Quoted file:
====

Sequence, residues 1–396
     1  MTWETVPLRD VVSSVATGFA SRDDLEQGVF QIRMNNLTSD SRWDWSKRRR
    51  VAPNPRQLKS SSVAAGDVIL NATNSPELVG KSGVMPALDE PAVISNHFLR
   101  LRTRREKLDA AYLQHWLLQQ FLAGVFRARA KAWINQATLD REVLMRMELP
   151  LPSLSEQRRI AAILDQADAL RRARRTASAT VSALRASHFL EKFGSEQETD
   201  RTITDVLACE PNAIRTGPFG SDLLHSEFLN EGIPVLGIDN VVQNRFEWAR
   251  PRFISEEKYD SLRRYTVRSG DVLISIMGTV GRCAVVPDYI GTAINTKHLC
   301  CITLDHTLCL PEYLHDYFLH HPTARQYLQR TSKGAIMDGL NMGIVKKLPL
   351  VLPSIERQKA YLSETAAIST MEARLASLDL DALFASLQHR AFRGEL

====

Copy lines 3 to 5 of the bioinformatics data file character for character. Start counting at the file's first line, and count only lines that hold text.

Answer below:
    51  VAPNPRQLKS SSVAAGDVIL NATNSPELVG KSGVMPALDE PAVISNHFLR
   101  LRTRREKLDA AYLQHWLLQQ FLAGVFRARA KAWINQATLD REVLMRMELP
   151  LPSLSEQRRI AAILDQADAL RRARRTASAT VSALRASHFL EKFGSEQETD